Perioperative Care: Evolving Role for Hospitalists

by Rachel E. Thompson, MD, MPH, SFHM

With healthcare evolving from volume to value and from episodes of care to care for populations, many are looking at how to redesign our expensive surgical care models. Nearly a quarter of all hospitalizations in the United States are for a surgical procedure, and these are twice as costly as medical hospitalizations. This January, CMS rolled out the first official bundled payment program for joint replacement at 75 hospitals. Anesthesiologists are increasingly becoming involved earlier in the perioperative process and looking to be a primary player in building the Perioperative Surgical Home.

Currently, 87% of hospitalists actively engage in co-management of surgical patients. Hospitalists are integral to the perioperative process—assessing risk for medical complications, planning for perioperative care, developing programs aimed at risk reduction for preventable complications and early identification and intervention for unavoidable complications and guiding quality improvement efforts, including planning for frequent hand-offs and transitions.

In the spring of 2015, SHM commissioned a Perioperative Care Work Group to detail a framework of the comprehensive care provided by hospitalists in the perioperative period. The members of this group are experts in perioperative medicine from leading medical centers. The group defined a key underlying principle – focus everything we design, build, and measure on the patient – the patient is at the center of all we do.

The group defined the perioperative period as beginning with the time of decision to undergo surgery and extending through to the time of postoperative functional recovery. Hospitalists play a variety of roles in all phases, in collaboration with surgical and anesthesia colleagues. Specific roles for hospitalists largely depend on the local environment. Thus, implementing programs necessitates:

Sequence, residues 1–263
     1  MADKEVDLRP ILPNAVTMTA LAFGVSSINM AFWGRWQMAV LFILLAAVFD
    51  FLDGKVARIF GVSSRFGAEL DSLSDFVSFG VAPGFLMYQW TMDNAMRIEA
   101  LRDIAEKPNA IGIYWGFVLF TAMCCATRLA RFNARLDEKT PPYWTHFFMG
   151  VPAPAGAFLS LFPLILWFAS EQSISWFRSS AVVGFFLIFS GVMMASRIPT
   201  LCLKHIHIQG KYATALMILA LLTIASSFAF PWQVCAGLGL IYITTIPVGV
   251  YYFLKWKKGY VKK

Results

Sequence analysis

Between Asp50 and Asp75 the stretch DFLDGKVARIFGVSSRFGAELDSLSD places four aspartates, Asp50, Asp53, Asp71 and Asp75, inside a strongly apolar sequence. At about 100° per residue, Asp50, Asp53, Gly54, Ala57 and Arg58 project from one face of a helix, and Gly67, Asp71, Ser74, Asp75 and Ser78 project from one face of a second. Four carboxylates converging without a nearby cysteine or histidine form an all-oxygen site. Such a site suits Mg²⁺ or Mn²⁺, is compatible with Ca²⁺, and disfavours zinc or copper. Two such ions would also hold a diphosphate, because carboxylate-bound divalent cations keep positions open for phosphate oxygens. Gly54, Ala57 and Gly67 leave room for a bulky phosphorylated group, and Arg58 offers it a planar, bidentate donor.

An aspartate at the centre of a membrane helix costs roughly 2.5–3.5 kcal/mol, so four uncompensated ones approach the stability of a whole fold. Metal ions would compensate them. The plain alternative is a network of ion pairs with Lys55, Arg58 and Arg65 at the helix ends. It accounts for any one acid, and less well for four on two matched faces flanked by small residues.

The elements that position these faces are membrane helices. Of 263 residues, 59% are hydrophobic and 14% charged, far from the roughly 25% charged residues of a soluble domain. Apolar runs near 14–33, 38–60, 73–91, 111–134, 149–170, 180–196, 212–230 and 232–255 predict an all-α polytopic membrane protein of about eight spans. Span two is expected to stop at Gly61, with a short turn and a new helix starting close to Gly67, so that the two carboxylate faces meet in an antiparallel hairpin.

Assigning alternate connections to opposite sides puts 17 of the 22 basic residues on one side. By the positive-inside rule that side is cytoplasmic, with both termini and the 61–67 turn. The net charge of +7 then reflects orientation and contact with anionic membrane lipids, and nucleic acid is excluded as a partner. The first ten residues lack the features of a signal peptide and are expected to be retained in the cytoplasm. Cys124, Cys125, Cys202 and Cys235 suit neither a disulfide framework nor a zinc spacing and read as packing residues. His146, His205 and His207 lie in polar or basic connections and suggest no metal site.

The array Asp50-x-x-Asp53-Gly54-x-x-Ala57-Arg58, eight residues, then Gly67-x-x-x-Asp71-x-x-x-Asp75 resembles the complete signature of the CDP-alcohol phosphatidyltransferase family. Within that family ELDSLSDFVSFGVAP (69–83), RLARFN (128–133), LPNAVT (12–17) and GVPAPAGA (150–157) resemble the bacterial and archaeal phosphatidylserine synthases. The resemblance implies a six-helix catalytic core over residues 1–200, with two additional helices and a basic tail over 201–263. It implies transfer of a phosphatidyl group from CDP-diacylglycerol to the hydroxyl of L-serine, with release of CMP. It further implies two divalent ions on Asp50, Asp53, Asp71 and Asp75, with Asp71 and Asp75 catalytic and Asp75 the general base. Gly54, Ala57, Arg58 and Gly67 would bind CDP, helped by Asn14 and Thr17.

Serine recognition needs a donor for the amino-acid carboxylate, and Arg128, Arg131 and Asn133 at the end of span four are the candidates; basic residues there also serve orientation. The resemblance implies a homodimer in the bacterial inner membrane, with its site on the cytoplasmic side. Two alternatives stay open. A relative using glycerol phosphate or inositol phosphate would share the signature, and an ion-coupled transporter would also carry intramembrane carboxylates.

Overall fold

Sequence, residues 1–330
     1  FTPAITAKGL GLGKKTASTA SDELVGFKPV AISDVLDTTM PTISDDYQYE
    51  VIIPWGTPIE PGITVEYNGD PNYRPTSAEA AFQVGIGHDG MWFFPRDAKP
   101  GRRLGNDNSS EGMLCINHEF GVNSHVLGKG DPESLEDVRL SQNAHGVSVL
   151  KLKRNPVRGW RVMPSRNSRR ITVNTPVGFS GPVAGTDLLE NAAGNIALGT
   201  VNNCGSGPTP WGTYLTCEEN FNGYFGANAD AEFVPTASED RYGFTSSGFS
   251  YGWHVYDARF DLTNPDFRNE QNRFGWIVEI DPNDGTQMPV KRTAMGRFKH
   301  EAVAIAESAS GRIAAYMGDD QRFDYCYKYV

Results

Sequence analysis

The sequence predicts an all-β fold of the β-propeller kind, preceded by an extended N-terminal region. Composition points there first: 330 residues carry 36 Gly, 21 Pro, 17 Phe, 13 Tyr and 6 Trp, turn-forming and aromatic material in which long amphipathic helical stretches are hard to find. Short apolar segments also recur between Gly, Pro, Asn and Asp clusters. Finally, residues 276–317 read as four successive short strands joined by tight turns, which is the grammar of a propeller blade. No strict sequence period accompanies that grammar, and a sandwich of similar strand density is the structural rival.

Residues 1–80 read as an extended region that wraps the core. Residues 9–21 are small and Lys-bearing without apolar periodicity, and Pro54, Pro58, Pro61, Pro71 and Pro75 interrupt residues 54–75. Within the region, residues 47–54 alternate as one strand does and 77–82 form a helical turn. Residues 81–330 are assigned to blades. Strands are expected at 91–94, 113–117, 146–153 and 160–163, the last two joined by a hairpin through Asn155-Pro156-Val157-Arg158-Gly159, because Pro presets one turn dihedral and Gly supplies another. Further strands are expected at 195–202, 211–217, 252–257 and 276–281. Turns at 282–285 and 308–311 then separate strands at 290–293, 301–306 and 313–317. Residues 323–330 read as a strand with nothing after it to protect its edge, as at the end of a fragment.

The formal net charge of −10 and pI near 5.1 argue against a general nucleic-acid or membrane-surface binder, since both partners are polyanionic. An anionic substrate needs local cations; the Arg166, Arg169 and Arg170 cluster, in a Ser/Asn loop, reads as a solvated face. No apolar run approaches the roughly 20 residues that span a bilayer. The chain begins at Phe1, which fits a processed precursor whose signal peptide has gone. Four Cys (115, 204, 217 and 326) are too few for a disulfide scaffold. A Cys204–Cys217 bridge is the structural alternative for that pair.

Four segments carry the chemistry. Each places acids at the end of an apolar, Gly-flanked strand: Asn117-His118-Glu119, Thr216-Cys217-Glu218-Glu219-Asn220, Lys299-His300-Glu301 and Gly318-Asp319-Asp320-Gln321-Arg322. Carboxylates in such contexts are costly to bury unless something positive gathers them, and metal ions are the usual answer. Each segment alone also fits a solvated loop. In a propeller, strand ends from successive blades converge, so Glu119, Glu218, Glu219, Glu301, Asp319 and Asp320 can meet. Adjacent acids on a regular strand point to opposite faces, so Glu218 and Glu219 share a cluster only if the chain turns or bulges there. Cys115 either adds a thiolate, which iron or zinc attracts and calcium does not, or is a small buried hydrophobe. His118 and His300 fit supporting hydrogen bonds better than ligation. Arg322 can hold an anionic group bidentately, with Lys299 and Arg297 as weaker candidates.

• An in depth knowledge of existing local systems and roles;
  • A collaborative designs that build from areas of strength in the local setting; and
  • Meaningful measures to be developed and tracked, and used to guide continuous process improvements.

This year at Hospital Medicine 2016 (HM16) we have several opportunities for engaging in learning and discussing perioperative program development. On Sunday March 6, join us for the perioperative medicine pre-course, Spy into Perioperative Medicine, directed by Drs. Kurt Pfeifer and Barbara Slawski. On Wednesday morning March 9, HM16 presents the Co-Management and Perioperative Track featuring Updates in Perioperative Medicine, Controversies in Perioperative Medicine and Secrets of the Operating Room.

While at HM16, if you want to grab a coffee and talk or learn more email me at [email protected]

Design our systems to support patients throughout the stressful life experience of surgery.


Dr. Rachel Thompson, MPH, SFHM currently serves as an Associate Professor in the Department of Medicine at the University of Nebraska Medical Center, where she has been recruited to lead the new Section of Hospital Medicine. She earned her bachelor's degree from Amherst College summa cum laude. She completed medical school and residency at the University of Washington. In 2014, she completed her the University of Washington’s Executive MPH and in 2015 she completed the University of Washington Certificate Program in Patient Safety and Quality.

Prior to being recruited to the University of Nebraska Medical Center, Dr. Thompson founded the Medicine Consult Service in 2003 at Harborview Medical in Seattle, King County’s safety-net hospital and the region’s Level I trauma center. She developed the Medicine Operative Consult Service that provides comprehensive perioperative care for high-risk patients. She has significant experience with program development, education and in quality and safety.

You can follow Dr. Thompson on twitter @RThomsponMD.

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